High temporal resolution retrospective motion and $$$B_0$$$ correction using FIDNavs and segmented FatNavs at 7T.
Frédéric Gretsch1, Tobias Kober2,3,4, Maryna Waszak2,3,4, José P. Marques5, and Daniel Gallichan1

1CIBM, EPFL, Lausanne, Switzerland, 2Advanced Clinical Imaging Technology (HC CMEA SUI DI BM PI), Siemens Healthcare AG, Lausanne, Switzerland, 3Department of Radiology, University Hospital (CHUV), Lausanne, Switzerland, 4LTS5, EPFL, Lausanne, Switzerland, 5Donders Centre for Cognitive Neuroimaging, Radboud University, Netherlands


FID navigators (FIDNavs) and a few lines of highly accelerated double-echo 3D fat navigators (FatNavs) were measured each TR of a high-resolution 3D-GRE acquisition. High temporal resolution $$$B_0$$$ variations and motion parameters could be estimated by the FIDNavs using the lower temporal resolution FatNavs to derive calibration data. The cardiac cycle pattern emerged clearly in these estimates and retrospectively corrected images were of clearly improved quality, thereby demonstrating the potential for this hybrid approach.


MRI at very high spatial resolution is challenging due to several limitations, including lower SNR, increased sensitivity to motion and longer scan-times. For T2*-weighted imaging of the brain there is the further complication of artifacts arising due to changes in the $$$B_0$$$-field with the respiratory cycle. Fat navigators (FatNavs) have already demonstrated excellent motion tracking and retrospective correction at 7T [1] and we have also shown their sensitivity to $$$B_0$$$-field tracking [2]. Extremely rapid FID navigators (FIDNavs) have previously demonstrated to be sensitive to $$$B_0$$$ changes [3] and to motion [4,5], but the mapping between the FID signals and the $$$B_0$$$ and motion parameters requires per-session calibration.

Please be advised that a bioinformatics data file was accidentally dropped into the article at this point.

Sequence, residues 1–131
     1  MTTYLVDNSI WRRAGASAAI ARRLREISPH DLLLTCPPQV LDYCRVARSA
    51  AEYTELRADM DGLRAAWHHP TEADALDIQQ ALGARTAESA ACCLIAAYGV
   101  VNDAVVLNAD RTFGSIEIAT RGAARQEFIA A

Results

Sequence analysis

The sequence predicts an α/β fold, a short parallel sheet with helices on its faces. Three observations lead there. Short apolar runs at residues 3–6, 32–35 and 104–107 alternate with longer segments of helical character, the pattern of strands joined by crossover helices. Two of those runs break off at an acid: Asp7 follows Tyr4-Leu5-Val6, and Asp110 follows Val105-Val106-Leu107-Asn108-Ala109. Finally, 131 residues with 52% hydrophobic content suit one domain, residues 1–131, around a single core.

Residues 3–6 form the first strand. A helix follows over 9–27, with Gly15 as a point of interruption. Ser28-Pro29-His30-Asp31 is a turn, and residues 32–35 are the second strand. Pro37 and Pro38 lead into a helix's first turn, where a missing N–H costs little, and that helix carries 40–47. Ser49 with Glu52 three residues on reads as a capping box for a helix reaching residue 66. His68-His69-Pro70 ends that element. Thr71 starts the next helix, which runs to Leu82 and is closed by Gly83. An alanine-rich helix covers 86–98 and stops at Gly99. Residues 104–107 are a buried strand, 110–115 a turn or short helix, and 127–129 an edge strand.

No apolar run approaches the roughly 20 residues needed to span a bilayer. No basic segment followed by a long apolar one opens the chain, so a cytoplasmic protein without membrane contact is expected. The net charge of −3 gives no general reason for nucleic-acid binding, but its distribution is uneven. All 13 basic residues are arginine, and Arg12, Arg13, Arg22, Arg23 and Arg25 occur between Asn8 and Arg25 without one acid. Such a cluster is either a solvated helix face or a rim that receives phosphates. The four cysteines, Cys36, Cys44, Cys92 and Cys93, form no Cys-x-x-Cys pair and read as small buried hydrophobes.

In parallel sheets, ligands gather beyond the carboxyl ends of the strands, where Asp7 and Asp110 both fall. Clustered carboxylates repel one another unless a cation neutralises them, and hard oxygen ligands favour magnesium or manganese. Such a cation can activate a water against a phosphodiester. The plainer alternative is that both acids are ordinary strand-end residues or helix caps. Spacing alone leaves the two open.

Here we propose a GRE sequence with hybrid integration of segmented dual-echo FatNavs and FIDNavs which allows the low temporal resolution dual-echo FatNavs to calibrate the FIDNav mapping for each session. This allows the estimation of high temporal-resolution motion (6 parameters) and zeroth and first-order $$$B_0$$$ variations (4 parameters) which can be used for retrospective correction of the T2*-weighted GRE k-space.


Using a 7T head-only MR scanner (Siemens Healthcare, Germany) and a 32-channel RF coil (Nova Medical Inc.), we scanned a healthy volunteer who was asked to breathe deeply to amplify the $$$B_0$$$ variations. His cardiac and respiratory traces were recorded by the external monitoring unit during the high-resolution slab-selective 3D-GRE. An FID readout (FIDNav) was inserted between the excitation pulse and the phase encoding gradients. After each host sequence TR, three lines of a highly accelerated double-echo FatNav were acquired, resulting in an entire FatNav volume every 36 TRs (~2s). Figure 1 summarizes the sequence design and protocol parameters used. The effective TR (time between two host excitation pulses) was 56.2 ms. GRAPPA reference lines for FatNavs were acquired in a 2.3s pre-scan. Total acquisition time: 32min25s, whereas navigator-free would have been 23min2s (although SNR efficiency is similar due to increased effective TR for water).

FatNavs were retrospectively co-registered using SPM to obtain motion-estimates, and a $$$B_0 = \beta_0 + \vec \beta \cdot \vec x$$$ fit (constrained to the host sequence FOV) was computed. Each FIDNav was assigned to the nearest FatNav, a linear mapping $$M = \Lambda F $$ was determined, where $$$M$$$ are the motion and field parameters and $$$F$$$ the mean FIDNav signals for the given FatNav volume for each receive channel. This linear mapping is expected to hold for sufficiently small variations [4]. Once $$$\Lambda$$$ was found it was reapplied to each individual FIDNav to obtain higher temporal resolution motion estimates. To observe cardiac related variations in these estimates, each FIDNav and its time-to-peak was mapped to the closest cardiac peak (from external monitoring), and a binning (150 bins) of the global time-to-peak range allowed a bin-wise mean of the estimated motion and $$$B_0$$$ field estimates.

For retrospective correction, the motion parameters and field coefficients were temporally smoothed via a sliding-window of 7 FIDNavs. Hence the effective temporal resolution of these estimates was approximately 400 ms. The correction itself was performed coil-wise using the NUFFT adjoint operator [6].

Results and discussion